Or will Cmd. Jeff Napier blow him out of the water?
What becomes of Elsa?

"What flag is that sir? It does not have a swastika."
"That is the German Imperial Battle Flag"

A fun side interest in this movie is that instead of the standard John Wane repertoire of actors, this is an interesting mix including, Tab Hunter, James Arness, and Claude Akins.

3-0 out of 5 stars A Wayne romantic film in style of John Wayne
A common John Wayne film with typical John Wayne styles and macho manners.The German Captain is nobody but John Wayne.He talked like John Wayne, acted like John Wayne.Even romaticises like John Wayne.A simple John Wayne film except he was dressed in German Uniform. ... Read more


3. Wake Island
Director: John Farrow
list price: $14.98
our price: $13.48
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Asin: B0001FVDIC
Catlog: DVD
Sales Rank: 10437
Average Customer Review: 4.15 out of 5 stars
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Reviews (13)

5-0 out of 5 stars The Team Behind "Wake Island"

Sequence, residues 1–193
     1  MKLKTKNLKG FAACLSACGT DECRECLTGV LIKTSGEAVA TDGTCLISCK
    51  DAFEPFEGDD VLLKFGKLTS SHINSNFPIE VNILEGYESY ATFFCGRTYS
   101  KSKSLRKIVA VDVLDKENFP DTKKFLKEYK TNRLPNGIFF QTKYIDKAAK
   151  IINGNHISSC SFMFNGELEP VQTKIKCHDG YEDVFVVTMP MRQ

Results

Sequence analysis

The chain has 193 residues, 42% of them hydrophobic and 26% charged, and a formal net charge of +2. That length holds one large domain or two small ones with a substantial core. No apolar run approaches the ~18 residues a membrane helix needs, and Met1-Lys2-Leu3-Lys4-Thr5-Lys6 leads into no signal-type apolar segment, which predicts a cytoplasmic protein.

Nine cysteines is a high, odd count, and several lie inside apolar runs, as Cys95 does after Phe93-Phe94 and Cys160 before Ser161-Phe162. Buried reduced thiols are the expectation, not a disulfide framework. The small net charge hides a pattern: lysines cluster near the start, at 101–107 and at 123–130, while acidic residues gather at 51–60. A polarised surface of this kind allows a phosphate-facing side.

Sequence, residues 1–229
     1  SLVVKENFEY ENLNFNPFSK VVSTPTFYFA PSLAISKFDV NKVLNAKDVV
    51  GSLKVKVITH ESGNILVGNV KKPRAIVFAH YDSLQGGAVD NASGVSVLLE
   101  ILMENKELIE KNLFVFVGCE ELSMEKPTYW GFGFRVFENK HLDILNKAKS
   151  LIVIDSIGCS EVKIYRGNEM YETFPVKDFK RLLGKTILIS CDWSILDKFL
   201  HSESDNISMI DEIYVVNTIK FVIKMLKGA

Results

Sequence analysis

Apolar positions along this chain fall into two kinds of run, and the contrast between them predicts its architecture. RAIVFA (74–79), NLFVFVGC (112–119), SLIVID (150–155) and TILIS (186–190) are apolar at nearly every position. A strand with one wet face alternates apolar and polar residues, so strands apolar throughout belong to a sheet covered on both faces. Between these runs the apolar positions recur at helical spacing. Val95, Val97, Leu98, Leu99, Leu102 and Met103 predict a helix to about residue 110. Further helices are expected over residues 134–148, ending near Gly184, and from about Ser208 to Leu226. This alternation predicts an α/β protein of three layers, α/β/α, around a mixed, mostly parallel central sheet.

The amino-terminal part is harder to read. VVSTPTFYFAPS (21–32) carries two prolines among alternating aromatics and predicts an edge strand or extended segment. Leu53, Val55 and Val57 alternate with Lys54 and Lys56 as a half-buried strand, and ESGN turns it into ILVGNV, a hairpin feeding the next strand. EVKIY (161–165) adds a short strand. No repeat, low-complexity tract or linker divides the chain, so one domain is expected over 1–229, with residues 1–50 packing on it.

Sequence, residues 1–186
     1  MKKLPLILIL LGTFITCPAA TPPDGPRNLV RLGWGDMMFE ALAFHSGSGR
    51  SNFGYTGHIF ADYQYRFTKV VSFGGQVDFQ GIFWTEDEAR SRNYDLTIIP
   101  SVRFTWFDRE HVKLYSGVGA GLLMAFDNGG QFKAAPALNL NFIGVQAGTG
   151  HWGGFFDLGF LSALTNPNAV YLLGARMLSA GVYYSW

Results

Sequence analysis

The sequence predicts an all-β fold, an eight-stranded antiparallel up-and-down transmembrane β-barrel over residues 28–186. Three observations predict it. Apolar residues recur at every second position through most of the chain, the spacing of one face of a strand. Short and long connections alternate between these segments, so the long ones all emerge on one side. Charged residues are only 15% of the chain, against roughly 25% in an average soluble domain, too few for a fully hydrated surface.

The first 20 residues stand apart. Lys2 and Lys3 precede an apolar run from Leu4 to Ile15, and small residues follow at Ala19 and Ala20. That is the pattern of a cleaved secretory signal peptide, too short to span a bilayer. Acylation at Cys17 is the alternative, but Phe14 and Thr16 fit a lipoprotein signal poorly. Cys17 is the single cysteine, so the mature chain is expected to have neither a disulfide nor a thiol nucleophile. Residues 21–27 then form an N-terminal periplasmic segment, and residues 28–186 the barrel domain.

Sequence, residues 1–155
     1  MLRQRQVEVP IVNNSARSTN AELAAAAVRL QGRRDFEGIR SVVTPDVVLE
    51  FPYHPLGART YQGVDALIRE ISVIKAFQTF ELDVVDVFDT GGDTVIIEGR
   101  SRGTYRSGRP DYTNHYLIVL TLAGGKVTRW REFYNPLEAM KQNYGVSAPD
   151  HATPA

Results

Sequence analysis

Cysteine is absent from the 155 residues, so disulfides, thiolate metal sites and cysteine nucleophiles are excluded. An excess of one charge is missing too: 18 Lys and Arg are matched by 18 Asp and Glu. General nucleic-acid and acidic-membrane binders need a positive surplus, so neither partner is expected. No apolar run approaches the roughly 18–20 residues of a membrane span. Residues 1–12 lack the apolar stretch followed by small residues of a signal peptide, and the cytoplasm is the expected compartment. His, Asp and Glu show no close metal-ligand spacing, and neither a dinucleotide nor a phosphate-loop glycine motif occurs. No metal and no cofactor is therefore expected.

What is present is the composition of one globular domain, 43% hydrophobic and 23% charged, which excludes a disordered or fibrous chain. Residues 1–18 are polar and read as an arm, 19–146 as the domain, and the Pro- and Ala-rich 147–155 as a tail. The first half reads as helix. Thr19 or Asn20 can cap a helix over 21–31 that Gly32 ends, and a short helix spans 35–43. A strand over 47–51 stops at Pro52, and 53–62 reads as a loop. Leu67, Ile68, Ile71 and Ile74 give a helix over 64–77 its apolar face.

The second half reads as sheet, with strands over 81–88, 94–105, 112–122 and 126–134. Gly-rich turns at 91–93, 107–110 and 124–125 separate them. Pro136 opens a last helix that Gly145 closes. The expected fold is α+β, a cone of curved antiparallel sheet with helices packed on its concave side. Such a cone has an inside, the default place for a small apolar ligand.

Today, Wake Island remains a lonely outpost and weather station frequented by Japan's Maritime Self Defense Force units on ASW training, semi-annual MSC supply visits, and continued USAF flights from Hickam Field, Oahu. Located in the Oceanic region at Lat. 19.2833 North and Long. -166.6536 East, temperatures rarely rise above 80 degrees Fahrenheit during December. But almost 60 years ago, it was pretty hot for those Warfighters in Dec 1941. Wake Island, a piece of U.S. territory, was practically seen on every USMC Recruiting Station poster and playing at local hometown theaters. Wake Island- the movie- was released to the general public in late Aug 1942 to help boost morale back at home. This epic war film was made as a factual film chronicle, an authentic picturization of America at war- the first of its kind since a Japanese "stab in the back", on 7 Dec 1941, had changed the course of American history. Over 7,000 military personnel and their dependents first saw it when it was premiered all day long at Camp Elliott's base theater (near San Diego, CA), on 24 Aug 1942. In the making of this film, the United State Marine Corps provided Lieutenant Colonel Francis E. Pierce, USMC (later downed 6 confirmed Japanese aircraft, and C.O. of MCAD Miramar, 24 Oct 44-1 Apr 45) as technical advisor, and Lieutenant Colonel W. G. Farrell, USMC, as liaison officer. Never too far away was the supervising officer of the Marine technical staff- Brigadier General Ross Erastus Rowell, USMC (CG 2d MAW; 1884-1947). Additionally, a special weapons detail comprising 60 Marines from Camp Elliott, under the command of Captain Nicholas Pesecans, USMC, manned and received valued training with the various heavy automatic weapons (.30 and .50 caliber machine guns, and a 37-milimeter anti-tank gun), including one 5-inch naval gun. Also, a squadron of eight F4F-3 Grumman fighters (assigned to 2d MAW) from NAS San Diego airfield, under the command of Lieutenant Colonel John N. Hart (an old Annapolis classmate of Brian Donlevy, and later C.O. of VMO-251 at Espirito Santo) planned the USMC aerial combat against a group of Ryan SC low-wing monoplanes painted to duplicate the Japanese Nakajima- 96 fighters. They were flown by picture and test flyers led by Herbert L. White, and by Frank Clark- chief pilot of the film unit. Not being outdone, one PBY-5A was shown flown by a naval crew stationed at NAS San Diego. Then, there was the giant Pan American Airways "China Clipper" flying boat (a Martin M-130 with top speed 150 mph and 3,200 mile range), whose pilot dutifully took orders from Brian Donlevy. The three location sites for filming were: the Salton Sea, the Great Salt Lake, and the coastal firing range on Coronado Island's "Strand Beach." With Brian Donlevy (1901 - 1972) depicting Major James Patrick Sinnott Devereux (commander of the Wake Marine Detachment from 15 Oct 1941 - 23 Dec 1941; 1903-1988), there was Walter Abel (1898-1987; depicting island C.O., Commander Winfield S. Cunningham, USN); the comedy team of two USMC privates- Robert Preston Meservey (1918-1987) and William Bendix (this was William's second assignment under the Paramount banner; 1906-1964); Albert Dekker who played the tough civilian construction contractor (familiar to fans in two horror films of 1940- Dr. Cyclops and Strange Cargo); and, young Edward MacDonald Carey (1913-1994) playing the heroic role as in real-life comparison to Major Paul A. Putnam (C.O. of VMF-221 fighter squadron consisting of twelve F4F-3 Grumman fighters). His serious respect for the USMC "Flying Leathernecks" would later get him an assignment with Colonel Walter L. J. Bayler, USMC (then Major Bayler, communications officer of MAG-21, better known to USMC as "the last man off Wake Island"). Thus, the audience of 1942 at all home theaters laughed, cried, and howled as the Marines goofed-off, fought one another, and hit hard the enemy landing force in the final scenes. There was the patriotic Chinese- American, Richard Loo (1916-1975), who portrayed the Japanese special envoy- Saburo Kurusu, on his way to Washington for "peace" negotiations. Who can forget that out of the tomato and carrot fields of Imperial Valley, CA, during the hot summer of 1942, some 150 loyal Filipino- Americans did their patriotic part, too, as they volunteered to portray the invading Japanese forces (now known as the 1,000- strong Maizuru 2nd Special Naval Landing Force). Director John Villiers Farrow (1904-1963) brought more than Hollywood skill to this film. He also brought an intimate knowledge of war. He was a Lieutenant Commander in the Royal Canadian Navy until invalided out of service December 1941 after contracting typhus while on duty as executive officer of a Canadian ASW vessel operating in the South Atlantic. Wake Island was his first directing assignment in two years (in 1940 he directed A Bill of Divorcement). And, who would have known that from this film lovely Barbara Britton who played just a brief moment as the wife of the young Marine "Flying Leatherneck" pilot, played by Carey, would shortly after assist a Marine Recruiting Station in Los Angeles, CA. Finally, E. MacDonald Carey soon enlisted into the United States Marine Corps. He was sent to Parris Island, NC, on 7 Dec 1942, for recruit training. Then he was sent to OCS Quantico, VA, for officer training- graduating in April 1943. Would you know it... his first assignment was as a Marine aviation maintenance officer for the Marine Air Group under the command of Colonel W. L. J. Bayler ("the last man off Wake Island") at newly established MCAS Cherry Point, NC. "What a Team!"